I really hope for pseudo-cutscenes in isometric game-view just like the old JRPGs did. Imho that's the best way to spice up dialogue and making the player not want to skip it without voiceover.
I posted that in the pitfalls thread, but here's a quote for you guys, just because I feel it summarizes what I hope PoE dialogue would be:
Yes, I know this goes against the spirit of the IE games and may cause hardcore roleplayers to beat me with their plastic figurines, but with a game that is announced to have no voice-over, I just don't want to read three pages of text for every random NPC I talk to.
This does not say I want meaningless dialogue or no choices; hell no! I just want NPCs to threat me like the busy adventurer I am and go straight to be point.
A well written interactive story provides narrative by a combination of text, actions, art and mechanics. A game is not a book. I'm totally fine with reading a book when I'm actually reading a book. But a game is an interactive medium that has so many other ways of delivering a message. At the very least, if you have a lot of information for the player to swallow, chop it up into smaller pieces by good quest design. There's no reason a questgiver should give me lengthy background lore on a temple to investigate when I can be presented with that lore in a more interesting way (for example, by solving a puzzle).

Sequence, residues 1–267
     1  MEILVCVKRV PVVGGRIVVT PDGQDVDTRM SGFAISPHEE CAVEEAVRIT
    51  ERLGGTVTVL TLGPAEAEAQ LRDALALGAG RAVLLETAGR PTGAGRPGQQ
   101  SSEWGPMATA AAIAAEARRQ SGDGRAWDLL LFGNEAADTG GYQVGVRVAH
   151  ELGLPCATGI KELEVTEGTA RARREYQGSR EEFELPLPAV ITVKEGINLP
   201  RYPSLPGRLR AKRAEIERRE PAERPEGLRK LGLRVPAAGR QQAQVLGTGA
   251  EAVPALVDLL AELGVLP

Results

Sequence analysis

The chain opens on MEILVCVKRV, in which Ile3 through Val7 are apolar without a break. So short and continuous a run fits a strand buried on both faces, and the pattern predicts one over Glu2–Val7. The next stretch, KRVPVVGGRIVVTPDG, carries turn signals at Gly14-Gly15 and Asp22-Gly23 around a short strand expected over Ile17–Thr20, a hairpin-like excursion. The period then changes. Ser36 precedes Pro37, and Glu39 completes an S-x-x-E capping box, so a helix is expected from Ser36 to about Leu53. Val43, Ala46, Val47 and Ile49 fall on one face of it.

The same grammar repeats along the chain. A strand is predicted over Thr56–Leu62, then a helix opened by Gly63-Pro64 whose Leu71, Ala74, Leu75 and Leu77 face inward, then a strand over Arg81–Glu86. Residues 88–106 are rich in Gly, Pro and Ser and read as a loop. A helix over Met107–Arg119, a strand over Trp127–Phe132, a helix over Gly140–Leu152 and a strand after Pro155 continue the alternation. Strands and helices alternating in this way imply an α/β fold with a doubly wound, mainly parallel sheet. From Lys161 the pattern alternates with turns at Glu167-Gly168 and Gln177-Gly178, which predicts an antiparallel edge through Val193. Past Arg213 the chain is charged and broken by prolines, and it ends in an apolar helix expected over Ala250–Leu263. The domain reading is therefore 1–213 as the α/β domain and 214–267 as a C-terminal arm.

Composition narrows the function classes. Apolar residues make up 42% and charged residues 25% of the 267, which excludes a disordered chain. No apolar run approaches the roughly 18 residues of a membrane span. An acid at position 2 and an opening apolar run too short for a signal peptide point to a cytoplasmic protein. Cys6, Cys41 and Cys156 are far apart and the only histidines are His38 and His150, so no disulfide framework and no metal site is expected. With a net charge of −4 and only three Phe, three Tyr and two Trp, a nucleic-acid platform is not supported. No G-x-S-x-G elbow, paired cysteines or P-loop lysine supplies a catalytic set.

This is one of the things that old JRPGs just did right. While they suck at making dialogue matter (since basicly, your protagonist auto-talks without any choice), they excel at presenting both lore and relevant information in a usually straight-to-the-point and interesting fashion.
I NEVER skipped dialogue in games like FF7, even if there was no voice-over at all.
I think a huge part of why JRPGs are so good at delivering dialogue that nobody skips is, that the dialogue is presented in huge letters on the screen to allow them to be seen on the low-resolution TVs of past days. This forced writers to compress information into very few lines and use other means to give information. The most famous one being the "flashback cutscene":
A lot of old JRPGs did that. Instead of the generic villager telling you that he wants to seek revenge for his killed sister, you actually see a cinematic (with a color filter or something indicating that it's a flashback) of soldiers breaking into her home and murdering her.
I just don't understand why modern RPGs totally neglect this way of presenting narrative. And you don't even need fancy 3D cinematics to do something like that. Old console games always had such cinematics in isometric perspective and it totally worked.
If 20 year old games can do that, I don't see why PoE can't.
Edited by Zwiebelchen, 13 May 2014 - 03:35 AM.